But I don't even think any of this matters. The decision to elect presidents that are pro-life has not accomplished the goal. George W. Bush, an ardent conservative who is staunchly pro-life, appointed two of the nine Supreme Court Justices as did his father George H. W. Bush. And Ronald Reagan appointed two as well! All of these presidents were/are decidedly pro-life. Seven of the nine Justices have been appointed by Republicans. Even with an overwhelming majority of Republican appointees, the Supreme Court has not, and probably never will, overturn the decision of Roe. v. Wade. It is simply a dead issue, no pun intended.

“I believe that as a Lasallian institution we cannot stay true to what we have been taught in our year(s) here and vote Republican.” It doesn’t make sense why this quote was used in your article as a premise. The student that expressed that view indicated that that statement was one-sided, as he argued that your article’s title was one-sided as well. I could defend that statement very thoroughly, but that wasn’t the point he was trying to make with that statement.

And as for many people have responded to your articles so passionately, it’s because you make statements like “Mr. Obama will be lucky if he is asked to be Hillary’s running mate” (See: A Vote for Hillary is a Vote Against America). These statements are speculative at best and many people would disagree with you on that. Also, your focus on abortion and voting pro-life is an argument that has been beaten to death. Everyone has made up their minds about that issue and it appears that nothing will change. But most importantly, the titles of your articles are what makes people upset. They often are not indicative of the content of the article and are one-sided. It appears that you model your journalistic practices after Fox News. This newspaper isn’t propaganda. It should be objective yet any reader is capable of seeing your bias towards the right wing. Lay out the facts, lay out positions, and let the readers decide.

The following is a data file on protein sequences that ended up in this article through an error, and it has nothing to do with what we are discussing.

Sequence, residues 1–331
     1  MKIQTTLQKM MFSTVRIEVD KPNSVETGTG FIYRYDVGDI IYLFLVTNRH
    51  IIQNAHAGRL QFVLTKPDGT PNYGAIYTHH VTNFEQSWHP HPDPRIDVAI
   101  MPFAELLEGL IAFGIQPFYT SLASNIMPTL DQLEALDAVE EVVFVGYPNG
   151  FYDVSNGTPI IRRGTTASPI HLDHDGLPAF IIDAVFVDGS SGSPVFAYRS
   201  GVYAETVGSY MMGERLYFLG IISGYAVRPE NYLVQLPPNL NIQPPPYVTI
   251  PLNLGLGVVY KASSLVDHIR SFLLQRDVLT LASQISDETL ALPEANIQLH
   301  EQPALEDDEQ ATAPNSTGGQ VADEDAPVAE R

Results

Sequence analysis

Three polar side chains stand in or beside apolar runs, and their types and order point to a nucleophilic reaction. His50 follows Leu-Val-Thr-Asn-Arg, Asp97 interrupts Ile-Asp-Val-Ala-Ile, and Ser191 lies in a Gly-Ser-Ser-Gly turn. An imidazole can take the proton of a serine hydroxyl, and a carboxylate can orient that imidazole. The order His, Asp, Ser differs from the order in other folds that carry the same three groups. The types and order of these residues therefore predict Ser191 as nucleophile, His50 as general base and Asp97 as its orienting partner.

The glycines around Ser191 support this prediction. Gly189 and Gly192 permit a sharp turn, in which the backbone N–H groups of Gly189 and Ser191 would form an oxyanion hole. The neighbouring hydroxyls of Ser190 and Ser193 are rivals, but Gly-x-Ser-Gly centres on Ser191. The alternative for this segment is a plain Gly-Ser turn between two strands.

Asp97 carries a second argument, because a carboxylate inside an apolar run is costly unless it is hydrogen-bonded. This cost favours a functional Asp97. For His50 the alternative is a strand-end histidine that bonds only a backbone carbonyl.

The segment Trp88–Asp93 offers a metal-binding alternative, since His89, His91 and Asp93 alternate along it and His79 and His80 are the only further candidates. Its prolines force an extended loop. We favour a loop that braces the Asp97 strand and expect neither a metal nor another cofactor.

-Eric Hills [Junior. Social Science Education Major w/ a Concentration in Political Science and History.

Blog Editor said...

I wholeheartedly disagree with you Mr. Quick. To vote on a single issue (such as abortion) in an election is a dangerous idea. Just because a politician believes abortion is wrong doesn’t mean he is right about all other issues. There are two things I think must be brought to your attention. 1. Politics is about compromise. No politician is perfect, but a responsible citizen must weigh the issues and vote for the candidate that best represents his or her view points. 2. I disagree very strongly with how you use abortion as a polarizing issue in each of your editorials. I respect that you have a different opinion than myself and some others on campus. However you use abortion to distinguish between party lines and that is wrong. Politics is not a black and white issue; someone can be pro-choice and be a republican. Being a republican does not mean supporting the religious right, which is how I believe you present it. The political scale is not limited to the left and right. It is a continuum, and people fall into different places on this continuum. As I said before, I respect that you have your opinion, but I urge you to stop looking at issues as though they are black and white. Instead we should all view issues as problems that citizens can solve together through discussion and compromise.

Eric Saindon '07